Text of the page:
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USF professor discusses cholesterol, saturated fat and obesity myths

TAMPA, Fla. -- Food and drug companies, as well as the government, have misled Americans to believe that a diet high in cholesterol and fat leads to heart disease and obesity, according to a University of South Florida researcher.

David Diamond, a neuroscientist in the Departments of Psychology, Molecular Pharmacology and Physiology, and a career scientist at the Tampa VA Hospital, recently presented his findings--backed by more than a hundred years of scientific evidence--at a lecture hosted by the USF College of Arts and Sciences at the University Club in downtown Tampa. The lecture is available on iTunes U for free.

Diamond said there are two myths which have pervaded our society: consumption of food high in fat and cholesterol cause heart disease, and individuals will live longer if they lower their serum cholesterol through the use of medication.

“Americans are in a state of confusion,” Diamond said. “We have been led to fear foods high in cholesterol, such as eggs and beef, but the real culprit in causing heart disease, is simple carbohydrates, obtained from potatoes and refined sugar.”

According to Diamond, when an individual consumes sugar, the sugar attaches to protein molecules, which interferes with their functioning. Those abnormal protein molecules become incorporated into arterial walls, which contribute to the arteries becoming stiff. When an individual’s blood pressure rises rapidly, as occurs during stress, a tear can develop in the arterial wall. Bacteria enter the damaged artery and cause an infection. The body’s immune system sends white blood cells and LDL cholesterol, the so-called “bad cholesterol,” to the rescue to kill the bacteria.

“Cholesterol doesn’t cause the damage,” Diamond said. “It is, in fact, the spackle that helps arteries to be repaired.”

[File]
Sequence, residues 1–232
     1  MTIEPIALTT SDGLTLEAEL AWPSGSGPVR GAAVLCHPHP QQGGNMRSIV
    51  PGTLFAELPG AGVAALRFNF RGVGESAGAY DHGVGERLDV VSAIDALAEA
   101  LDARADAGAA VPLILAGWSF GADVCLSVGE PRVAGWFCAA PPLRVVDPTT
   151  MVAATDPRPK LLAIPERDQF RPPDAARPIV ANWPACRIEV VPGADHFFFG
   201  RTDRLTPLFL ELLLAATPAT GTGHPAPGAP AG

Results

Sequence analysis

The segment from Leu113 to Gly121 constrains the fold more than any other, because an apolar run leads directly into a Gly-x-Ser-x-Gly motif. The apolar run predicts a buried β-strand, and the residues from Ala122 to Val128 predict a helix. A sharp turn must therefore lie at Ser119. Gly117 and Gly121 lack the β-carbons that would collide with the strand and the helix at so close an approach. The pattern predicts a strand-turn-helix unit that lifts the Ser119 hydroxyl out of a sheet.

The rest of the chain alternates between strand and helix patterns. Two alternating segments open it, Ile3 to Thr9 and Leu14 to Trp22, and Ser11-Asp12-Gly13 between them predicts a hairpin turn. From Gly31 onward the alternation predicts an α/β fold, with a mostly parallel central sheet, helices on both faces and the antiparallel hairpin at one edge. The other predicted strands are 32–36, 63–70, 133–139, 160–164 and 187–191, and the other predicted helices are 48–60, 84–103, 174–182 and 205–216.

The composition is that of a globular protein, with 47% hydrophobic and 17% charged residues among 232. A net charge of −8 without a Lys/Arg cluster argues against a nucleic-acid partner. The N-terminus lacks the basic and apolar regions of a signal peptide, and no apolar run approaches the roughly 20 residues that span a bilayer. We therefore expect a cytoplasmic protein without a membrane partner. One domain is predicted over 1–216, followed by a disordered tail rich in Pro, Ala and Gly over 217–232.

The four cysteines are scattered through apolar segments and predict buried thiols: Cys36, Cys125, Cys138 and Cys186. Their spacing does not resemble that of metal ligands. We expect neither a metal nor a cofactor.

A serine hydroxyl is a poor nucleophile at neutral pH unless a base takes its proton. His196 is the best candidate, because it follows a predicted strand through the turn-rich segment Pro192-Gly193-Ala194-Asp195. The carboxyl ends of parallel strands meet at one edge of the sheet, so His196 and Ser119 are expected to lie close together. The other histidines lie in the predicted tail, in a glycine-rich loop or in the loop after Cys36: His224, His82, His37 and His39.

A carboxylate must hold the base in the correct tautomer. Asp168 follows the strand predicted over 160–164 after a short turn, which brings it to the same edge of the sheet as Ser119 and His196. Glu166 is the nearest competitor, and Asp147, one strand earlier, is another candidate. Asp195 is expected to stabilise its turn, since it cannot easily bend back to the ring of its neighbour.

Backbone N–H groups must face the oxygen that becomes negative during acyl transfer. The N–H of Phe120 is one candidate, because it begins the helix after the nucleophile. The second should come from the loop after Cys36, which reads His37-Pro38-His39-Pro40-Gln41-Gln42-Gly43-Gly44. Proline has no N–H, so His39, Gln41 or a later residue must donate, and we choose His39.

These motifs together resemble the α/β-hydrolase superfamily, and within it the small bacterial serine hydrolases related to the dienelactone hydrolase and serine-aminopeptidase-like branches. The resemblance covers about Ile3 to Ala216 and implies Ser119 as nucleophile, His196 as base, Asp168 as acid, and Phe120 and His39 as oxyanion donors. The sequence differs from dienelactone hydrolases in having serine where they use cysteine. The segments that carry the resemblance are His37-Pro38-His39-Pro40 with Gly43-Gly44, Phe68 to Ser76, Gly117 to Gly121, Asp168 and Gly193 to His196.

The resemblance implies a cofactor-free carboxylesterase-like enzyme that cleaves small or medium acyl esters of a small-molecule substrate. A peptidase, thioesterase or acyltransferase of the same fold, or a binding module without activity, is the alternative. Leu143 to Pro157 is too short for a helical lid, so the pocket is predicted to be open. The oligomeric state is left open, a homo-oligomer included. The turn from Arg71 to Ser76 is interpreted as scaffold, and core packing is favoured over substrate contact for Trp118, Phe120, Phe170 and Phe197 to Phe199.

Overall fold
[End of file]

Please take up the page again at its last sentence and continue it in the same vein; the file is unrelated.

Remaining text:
Diamond started studying cholesterol and heart disease when he turned 50, after he discovered his blood was “full of fat” and he was gaining weight. His doctor said he needed to take medication to lower his sky-high cholesterol and triglyceride levels, but Diamond decided to do some research first.

While researching heart disease and obesity, Diamond found a book by William Banting which was written in 1864. The book described how Banting, who suffered from obesity and poor health, used a low carbohydrate diet to lose weight and to improve his health. Diamond said Banting reported that he lost more than 40 pounds and lived into his 80s.

Fast-forward to the 20th century, Robert Atkins wrote a book on the benefits of a low carb diet in 1972. Diamond said the Atkins diet is quite similar to the diet described by Banting in 1864. Diamond further emphasized that he has found more than 150 years of research which has shown that a diet consisting of foods high in fat, such as meat and butter, but very low in carbohydrates, has long been shown to be an effective strategy to lose weight and to improve health.

Diamond said he found convincing research that has shown it is the carbohydrates (sugar) in your food that raises cholesterol and triglyceride levels, not the fat.

“Ultimately it is the high levels of sugar in your blood that can kill you,” Diamond said.

In 2007, against his doctor’s wishes, Diamond changed from his diet high in carbohydrates to follow guidelines developed by Banting and Atkins. His new diet consisted of 70 percent fat, 20 percent protein and 10 percent carbohydrates. He began eating eggs, butter, beef, roasted chicken with the skin, full fat cheese, coconut, dark chocolate, nuts and vegetables, such as broccoli. He allowed himself only small amounts of fruit, bread, potatoes and no refined sugar.

Diamond said his results were shocking -- his weight dropped more than 20 pounds and his triglycerides dropped from 800 (which was dangerously high) to 160, which was closer to a healthy level. His cholesterol levels also declined toward healthy levels on a diet of foods high in fat and cholesterol.